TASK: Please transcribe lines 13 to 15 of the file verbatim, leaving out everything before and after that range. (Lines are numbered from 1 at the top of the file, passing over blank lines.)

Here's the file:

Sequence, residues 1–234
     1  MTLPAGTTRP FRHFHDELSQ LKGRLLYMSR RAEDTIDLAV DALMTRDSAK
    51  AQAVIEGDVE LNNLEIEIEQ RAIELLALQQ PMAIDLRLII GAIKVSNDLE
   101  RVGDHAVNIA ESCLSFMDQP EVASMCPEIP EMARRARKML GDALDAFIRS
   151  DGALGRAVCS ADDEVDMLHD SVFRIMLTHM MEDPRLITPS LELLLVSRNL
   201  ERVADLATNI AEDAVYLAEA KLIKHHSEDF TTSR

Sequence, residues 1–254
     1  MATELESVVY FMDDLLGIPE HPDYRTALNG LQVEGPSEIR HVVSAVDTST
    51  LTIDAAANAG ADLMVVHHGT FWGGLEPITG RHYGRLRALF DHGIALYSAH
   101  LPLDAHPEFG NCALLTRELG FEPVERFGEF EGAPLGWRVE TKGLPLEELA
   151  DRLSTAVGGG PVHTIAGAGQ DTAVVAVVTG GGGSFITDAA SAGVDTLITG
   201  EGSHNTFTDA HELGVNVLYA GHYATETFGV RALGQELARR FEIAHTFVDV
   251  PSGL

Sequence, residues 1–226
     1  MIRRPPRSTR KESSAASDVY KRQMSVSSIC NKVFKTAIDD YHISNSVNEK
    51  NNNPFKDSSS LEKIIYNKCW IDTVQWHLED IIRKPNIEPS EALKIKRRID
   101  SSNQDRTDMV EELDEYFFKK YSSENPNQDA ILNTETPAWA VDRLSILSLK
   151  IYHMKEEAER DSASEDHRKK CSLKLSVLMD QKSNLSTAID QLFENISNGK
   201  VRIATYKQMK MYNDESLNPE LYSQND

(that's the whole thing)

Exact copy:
   251  PSGL

Sequence, residues 1–226
     1  MIRRPPRSTR KESSAASDVY KRQMSVSSIC NKVFKTAIDD YHISNSVNEK